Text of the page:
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Greyeyes earns global recognition as part of International Women's Day

International Women’s Day has an even greater meaning for one Fort St. John woman.
Connie Greyeyes has been named as one of eight women from around the world as an ambassador for International Women's Day by Amnesty International - Aleisha Hendry Photo

International Women’s Day has an even greater meaning for one Fort St. John woman.

Amnesty International is recognizing indigenous activist Connie Greyeyes today, one of eight women from around the world being recognized by the group for “battling on the frontline to claim their rights, refusing to wait in the face of injustice."

“I feel like I’ve come so far from being a drug addict, from being an alcoholic and having nothing. It’s possible to do anything if you have the right supports in place," Greyeyes said.

Greyeyes is being recognized for her work raising awareness and demanding justice for missing and murdered indigenous women in the region and across Canada.

Greyeyes says she’s pleased the federal government is finally taking the steps to address the safety of indigenous women and girls by launching a national inquiry. She noted that the government is working to get liaisons talking with the families of these women, including those in Northeast B.C.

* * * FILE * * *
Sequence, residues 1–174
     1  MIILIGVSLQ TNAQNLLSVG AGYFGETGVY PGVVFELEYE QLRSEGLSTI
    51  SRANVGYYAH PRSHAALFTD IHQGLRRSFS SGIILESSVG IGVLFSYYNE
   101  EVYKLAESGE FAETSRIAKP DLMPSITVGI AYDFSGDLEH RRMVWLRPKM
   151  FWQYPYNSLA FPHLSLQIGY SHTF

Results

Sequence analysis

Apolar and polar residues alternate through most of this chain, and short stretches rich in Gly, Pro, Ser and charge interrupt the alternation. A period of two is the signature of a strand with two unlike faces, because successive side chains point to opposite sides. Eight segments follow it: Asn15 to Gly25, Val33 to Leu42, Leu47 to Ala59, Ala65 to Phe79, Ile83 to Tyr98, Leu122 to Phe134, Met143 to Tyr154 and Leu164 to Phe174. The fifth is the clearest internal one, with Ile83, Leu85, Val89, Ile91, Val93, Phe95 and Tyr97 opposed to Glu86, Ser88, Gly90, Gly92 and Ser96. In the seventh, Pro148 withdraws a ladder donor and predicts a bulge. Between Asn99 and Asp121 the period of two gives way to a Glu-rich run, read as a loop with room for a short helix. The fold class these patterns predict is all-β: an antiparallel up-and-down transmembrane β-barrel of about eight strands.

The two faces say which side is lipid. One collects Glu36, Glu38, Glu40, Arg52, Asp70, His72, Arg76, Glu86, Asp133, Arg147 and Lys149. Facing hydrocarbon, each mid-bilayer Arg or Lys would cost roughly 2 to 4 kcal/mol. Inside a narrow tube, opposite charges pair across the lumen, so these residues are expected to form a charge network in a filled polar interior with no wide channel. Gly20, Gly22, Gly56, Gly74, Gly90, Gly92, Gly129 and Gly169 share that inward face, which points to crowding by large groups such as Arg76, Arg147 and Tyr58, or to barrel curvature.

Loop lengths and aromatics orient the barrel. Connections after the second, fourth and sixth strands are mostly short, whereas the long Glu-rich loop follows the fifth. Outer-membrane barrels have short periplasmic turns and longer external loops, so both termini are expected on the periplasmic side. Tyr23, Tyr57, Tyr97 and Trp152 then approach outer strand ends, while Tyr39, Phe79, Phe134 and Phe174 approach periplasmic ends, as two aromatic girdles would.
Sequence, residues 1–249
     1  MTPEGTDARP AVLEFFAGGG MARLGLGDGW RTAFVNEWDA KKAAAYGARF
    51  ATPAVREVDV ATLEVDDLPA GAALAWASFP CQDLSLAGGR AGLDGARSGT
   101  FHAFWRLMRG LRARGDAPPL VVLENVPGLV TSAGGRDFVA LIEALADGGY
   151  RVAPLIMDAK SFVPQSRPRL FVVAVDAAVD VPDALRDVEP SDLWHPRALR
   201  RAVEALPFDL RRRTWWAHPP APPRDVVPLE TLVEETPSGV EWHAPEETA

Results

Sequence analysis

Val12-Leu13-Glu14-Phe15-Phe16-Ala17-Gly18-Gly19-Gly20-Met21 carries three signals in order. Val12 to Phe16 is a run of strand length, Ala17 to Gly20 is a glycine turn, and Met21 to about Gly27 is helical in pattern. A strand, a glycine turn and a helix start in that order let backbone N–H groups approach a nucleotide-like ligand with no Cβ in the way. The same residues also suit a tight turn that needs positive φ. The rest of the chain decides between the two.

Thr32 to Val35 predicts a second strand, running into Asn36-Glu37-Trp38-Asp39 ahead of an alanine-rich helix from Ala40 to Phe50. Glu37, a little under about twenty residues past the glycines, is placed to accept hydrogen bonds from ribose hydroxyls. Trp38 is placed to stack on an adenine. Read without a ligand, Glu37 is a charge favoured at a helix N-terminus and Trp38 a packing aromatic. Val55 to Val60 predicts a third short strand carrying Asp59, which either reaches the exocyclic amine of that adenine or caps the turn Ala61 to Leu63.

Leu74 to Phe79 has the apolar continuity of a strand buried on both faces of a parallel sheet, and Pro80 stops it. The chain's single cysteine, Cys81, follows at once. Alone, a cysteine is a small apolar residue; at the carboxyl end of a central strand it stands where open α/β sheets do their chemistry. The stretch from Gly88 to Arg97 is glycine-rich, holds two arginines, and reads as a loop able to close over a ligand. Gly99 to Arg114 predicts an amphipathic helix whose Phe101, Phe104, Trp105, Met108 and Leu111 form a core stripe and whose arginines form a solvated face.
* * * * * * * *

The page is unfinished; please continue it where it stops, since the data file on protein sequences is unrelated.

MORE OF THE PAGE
“It’s important that we continue to make sure families and voices in the northeast are heard,” she said.

“Sometimes we get lost because of how vast B.C. is and the serious cases here, with Pickton, with the Downtown Eastside, with the Highway of Tears. It’s important that we continue to talk about it, to make sure that the families in this region get to be heard in the inquiry.”

An indigenous woman is five times more likely to go missing or be murdered than a non-indigenous woman, Greyeyes said.

“Those stats don’t lie, that’s for real. It’s a reality for us," she said.

Part of moving forward will be to break the stereotypes that surround indigenous women.

“From my experiences here, being followed in the store, being asked if I’m going to pay for something,” she said. “Those stereotypes attached to our women are the stereotypes that make us more vulnerable.”

Greyeyes isn’t the only global ambassador from the Peace Region—Helen Knott was recognized last year by the Nobel Women’s Institute for her activism to protect indigenous women.

Learn more about Greyeyes, and other women being recognized around the world today by visiting Amnesty International's website.

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